The writing is on the wall for industrial society, and no amount of ethical shopping or determined protesting is going to change that now. Take a civilisation built on the myth of human exceptionalism and a deeply embedded cultural attitude to “nature”; add a blind belief in technological and material progress; then fuel the whole thing with a power source that is discovered to be disastrously destructive only after we have used it to inflate our numbers and appetites beyond the point of no return. What do you get? We are starting to find out.
It is also a surprise to find out that those who have so far embraced environmentalism are labouring under the ‘myth of human exceptionalism’. And if this naked catastrophism wasn’t so utterly dispiriting, it would be funny that Kingsnorth complains about a ‘deeply embedded cultural attitude to “nature”’. After all, what is it that Kingsnorth expresses, if it’s not a ‘deeply embedded attitude to nature’ of his own, and of the culture that environmentalism has created for itself? Indeed, the culture that he and Monbiot both want to create is precisely a culture in which nature is central to everything.
Here at Climate Resistance, we are fans of human exceptionalism. And we don’t think it’s a myth. Our ability even to consider the concept of human exceptionalism makes us distinct from all other things. Kingsnorth sees the world very, very differently:
… what we are really trying to save, as we scrabble around planting turbines on mountains and shouting at ministers, is not the planet but our attachment to the western material culture, which we cannot imagine living without.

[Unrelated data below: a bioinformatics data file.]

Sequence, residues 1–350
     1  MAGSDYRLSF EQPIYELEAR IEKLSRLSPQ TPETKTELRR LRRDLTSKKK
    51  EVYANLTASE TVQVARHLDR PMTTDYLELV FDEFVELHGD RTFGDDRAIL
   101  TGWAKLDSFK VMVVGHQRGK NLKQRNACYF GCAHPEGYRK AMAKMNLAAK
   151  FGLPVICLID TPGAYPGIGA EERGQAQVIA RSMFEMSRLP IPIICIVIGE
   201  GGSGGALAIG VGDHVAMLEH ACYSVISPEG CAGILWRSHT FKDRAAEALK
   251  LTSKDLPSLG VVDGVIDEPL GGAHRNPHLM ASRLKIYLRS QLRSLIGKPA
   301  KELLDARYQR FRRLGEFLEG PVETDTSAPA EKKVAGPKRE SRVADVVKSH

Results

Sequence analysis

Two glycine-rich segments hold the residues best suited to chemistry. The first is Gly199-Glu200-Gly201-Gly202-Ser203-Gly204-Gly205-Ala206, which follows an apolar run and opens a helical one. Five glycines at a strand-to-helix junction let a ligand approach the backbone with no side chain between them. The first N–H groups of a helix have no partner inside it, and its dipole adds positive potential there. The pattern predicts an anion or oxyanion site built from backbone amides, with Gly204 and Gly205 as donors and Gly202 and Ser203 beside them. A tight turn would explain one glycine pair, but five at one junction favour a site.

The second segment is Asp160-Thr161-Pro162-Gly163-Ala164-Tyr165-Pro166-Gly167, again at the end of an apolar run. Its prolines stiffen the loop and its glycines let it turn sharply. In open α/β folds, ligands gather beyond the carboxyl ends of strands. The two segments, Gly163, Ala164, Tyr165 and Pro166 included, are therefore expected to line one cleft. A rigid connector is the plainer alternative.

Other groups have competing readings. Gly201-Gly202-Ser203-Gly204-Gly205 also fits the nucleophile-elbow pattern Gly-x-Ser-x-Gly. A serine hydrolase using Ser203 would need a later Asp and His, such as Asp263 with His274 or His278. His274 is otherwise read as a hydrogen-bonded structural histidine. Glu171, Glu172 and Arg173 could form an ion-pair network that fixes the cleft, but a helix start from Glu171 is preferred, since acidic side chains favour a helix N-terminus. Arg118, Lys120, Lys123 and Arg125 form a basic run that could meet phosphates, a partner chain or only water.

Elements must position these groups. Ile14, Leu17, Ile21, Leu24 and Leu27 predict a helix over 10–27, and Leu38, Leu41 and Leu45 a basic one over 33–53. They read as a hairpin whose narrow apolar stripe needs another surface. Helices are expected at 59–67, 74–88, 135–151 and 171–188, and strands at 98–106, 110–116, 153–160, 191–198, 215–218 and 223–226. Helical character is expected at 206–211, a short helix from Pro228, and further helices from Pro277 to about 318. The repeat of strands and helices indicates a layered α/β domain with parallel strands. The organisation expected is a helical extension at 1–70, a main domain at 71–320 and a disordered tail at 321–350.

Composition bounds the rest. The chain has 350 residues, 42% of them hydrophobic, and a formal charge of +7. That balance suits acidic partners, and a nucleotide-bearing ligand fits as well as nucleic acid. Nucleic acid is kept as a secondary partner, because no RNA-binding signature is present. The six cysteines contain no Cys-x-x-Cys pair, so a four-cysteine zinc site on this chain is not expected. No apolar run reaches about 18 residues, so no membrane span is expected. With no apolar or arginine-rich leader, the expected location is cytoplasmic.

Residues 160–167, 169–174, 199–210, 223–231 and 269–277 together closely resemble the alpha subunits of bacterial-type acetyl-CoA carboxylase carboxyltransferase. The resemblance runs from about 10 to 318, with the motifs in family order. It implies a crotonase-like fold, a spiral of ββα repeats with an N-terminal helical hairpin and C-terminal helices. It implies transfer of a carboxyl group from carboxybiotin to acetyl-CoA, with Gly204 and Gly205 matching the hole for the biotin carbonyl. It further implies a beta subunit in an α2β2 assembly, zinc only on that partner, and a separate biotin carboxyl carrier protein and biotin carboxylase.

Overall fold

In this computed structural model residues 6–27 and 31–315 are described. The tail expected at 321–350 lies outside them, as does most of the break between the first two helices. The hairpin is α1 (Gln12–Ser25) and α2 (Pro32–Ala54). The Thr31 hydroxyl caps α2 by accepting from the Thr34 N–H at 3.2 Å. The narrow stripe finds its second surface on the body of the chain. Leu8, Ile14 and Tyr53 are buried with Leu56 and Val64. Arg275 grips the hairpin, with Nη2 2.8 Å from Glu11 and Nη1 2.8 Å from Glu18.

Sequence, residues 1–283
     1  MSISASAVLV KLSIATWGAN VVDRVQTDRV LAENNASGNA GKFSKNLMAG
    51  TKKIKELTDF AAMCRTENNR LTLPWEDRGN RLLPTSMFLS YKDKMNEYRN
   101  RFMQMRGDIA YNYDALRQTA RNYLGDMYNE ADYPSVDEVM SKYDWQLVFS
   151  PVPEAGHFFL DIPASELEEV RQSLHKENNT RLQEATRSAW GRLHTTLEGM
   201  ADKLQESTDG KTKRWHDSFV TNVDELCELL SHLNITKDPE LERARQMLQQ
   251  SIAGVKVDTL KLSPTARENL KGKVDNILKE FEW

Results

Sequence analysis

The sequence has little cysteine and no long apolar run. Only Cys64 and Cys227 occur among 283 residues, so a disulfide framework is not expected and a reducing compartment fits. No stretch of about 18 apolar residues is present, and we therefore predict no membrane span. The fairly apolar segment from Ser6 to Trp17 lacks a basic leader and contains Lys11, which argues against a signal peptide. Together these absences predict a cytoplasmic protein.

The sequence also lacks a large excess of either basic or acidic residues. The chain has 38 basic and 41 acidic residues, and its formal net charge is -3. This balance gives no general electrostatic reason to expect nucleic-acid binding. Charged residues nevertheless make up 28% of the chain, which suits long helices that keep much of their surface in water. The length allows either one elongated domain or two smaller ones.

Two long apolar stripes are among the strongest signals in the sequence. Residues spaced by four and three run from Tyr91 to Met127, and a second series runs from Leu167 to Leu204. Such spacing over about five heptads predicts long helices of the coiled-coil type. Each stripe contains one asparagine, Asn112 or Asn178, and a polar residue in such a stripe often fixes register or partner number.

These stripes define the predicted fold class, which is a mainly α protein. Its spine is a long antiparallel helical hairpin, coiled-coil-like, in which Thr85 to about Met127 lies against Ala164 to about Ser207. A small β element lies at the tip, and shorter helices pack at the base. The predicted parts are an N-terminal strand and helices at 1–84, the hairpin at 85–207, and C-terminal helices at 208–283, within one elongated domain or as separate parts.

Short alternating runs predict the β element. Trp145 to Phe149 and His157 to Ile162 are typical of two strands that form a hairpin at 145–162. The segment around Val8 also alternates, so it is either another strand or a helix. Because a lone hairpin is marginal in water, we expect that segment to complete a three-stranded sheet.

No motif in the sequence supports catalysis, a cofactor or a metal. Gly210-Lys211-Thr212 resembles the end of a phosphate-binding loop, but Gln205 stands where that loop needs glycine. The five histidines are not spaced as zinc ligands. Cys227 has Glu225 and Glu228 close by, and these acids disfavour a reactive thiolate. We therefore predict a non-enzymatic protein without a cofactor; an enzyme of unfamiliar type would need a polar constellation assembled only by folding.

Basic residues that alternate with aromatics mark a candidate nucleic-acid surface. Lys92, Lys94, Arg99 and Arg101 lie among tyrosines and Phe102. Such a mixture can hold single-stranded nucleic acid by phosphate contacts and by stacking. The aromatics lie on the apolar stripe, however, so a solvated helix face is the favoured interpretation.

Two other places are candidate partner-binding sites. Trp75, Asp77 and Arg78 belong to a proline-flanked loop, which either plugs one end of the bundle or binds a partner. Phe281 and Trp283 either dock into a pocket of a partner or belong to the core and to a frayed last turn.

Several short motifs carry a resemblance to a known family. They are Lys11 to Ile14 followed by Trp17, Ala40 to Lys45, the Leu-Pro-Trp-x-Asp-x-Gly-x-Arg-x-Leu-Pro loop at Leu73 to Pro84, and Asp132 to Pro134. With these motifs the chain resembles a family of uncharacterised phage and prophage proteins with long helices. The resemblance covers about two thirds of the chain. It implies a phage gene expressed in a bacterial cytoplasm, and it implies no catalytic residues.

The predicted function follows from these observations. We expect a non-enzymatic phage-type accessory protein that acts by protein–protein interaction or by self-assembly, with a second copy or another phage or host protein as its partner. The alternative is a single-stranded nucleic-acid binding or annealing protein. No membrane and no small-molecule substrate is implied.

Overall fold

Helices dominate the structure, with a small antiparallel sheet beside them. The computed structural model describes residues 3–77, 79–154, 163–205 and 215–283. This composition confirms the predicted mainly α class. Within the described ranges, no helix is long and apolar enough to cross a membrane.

The challenge is not how to shore up a crumbling empire with wave machines and global summits, but to start thinking about how we are going to live through its fall, and what we can learn from its collapse.
Human exceptionalism, in this view, is a notion which has been debunked. Debunked, that is, by the looming apocalypse. The inevitable apocalypse. The one that hasn’t happened yet, but it will, according to Kingsnorth. Soon. Ish. He hopes. And there’s no point hankering after it, because we’re doomed.
But abandoning a human-centric view of the world creates a self-fulfilling prophecy. If we reduce humanity to the moral equivalent of any bug, slug, mouse or microbe, we prevent ourselves from planning according to our own interests. We therefore submit to the whims of nature that have always killed humans through famine, drought, and disease, etc, etc. What makes Kingsnorth’s fantasy different to a UFO cultist’s is that he expects the whole world to join his suicide pact, not just a small band of ‘us’, the chosen ones, against the ‘them’.
Like you I have become ever gloomier about our chances of avoiding the crash you predict. For the past few years I have been almost professionally optimistic, exhorting people to keep fighting, knowing that to say there is no hope is to make it so. I still have some faith in our ability to make rational decisions based on evidence. But it is waning.
Here’s some news… George Monbiot thinks he has been ‘professionally optimistic’! When?! When has Monbiot been optimistic? Ever? As we have pointed out in many posts, George is incapable of optimism, because what he is responding to is not the external world, or rather anything that occurs in the real world, but his own confusion about his place in it. It fails to obey his will, and he doesn’t really understand why, and like a small child, cannot make a distinction between his failure to assert his will, and the end of the world. Environmentalism projects its own crises into the atmosphere. When, recently, supermarket giant, Tescos began the process of setting up in the town of Monbiot’s home, Machynlleth in Wales, he imagined himself in ‘the last small corner of Gaul still holding out against the Romans’. This was, in his view, a ‘struggle for democracy’. Nevermind that, in fact, it seems that more people are in favour of the supermarket, than against.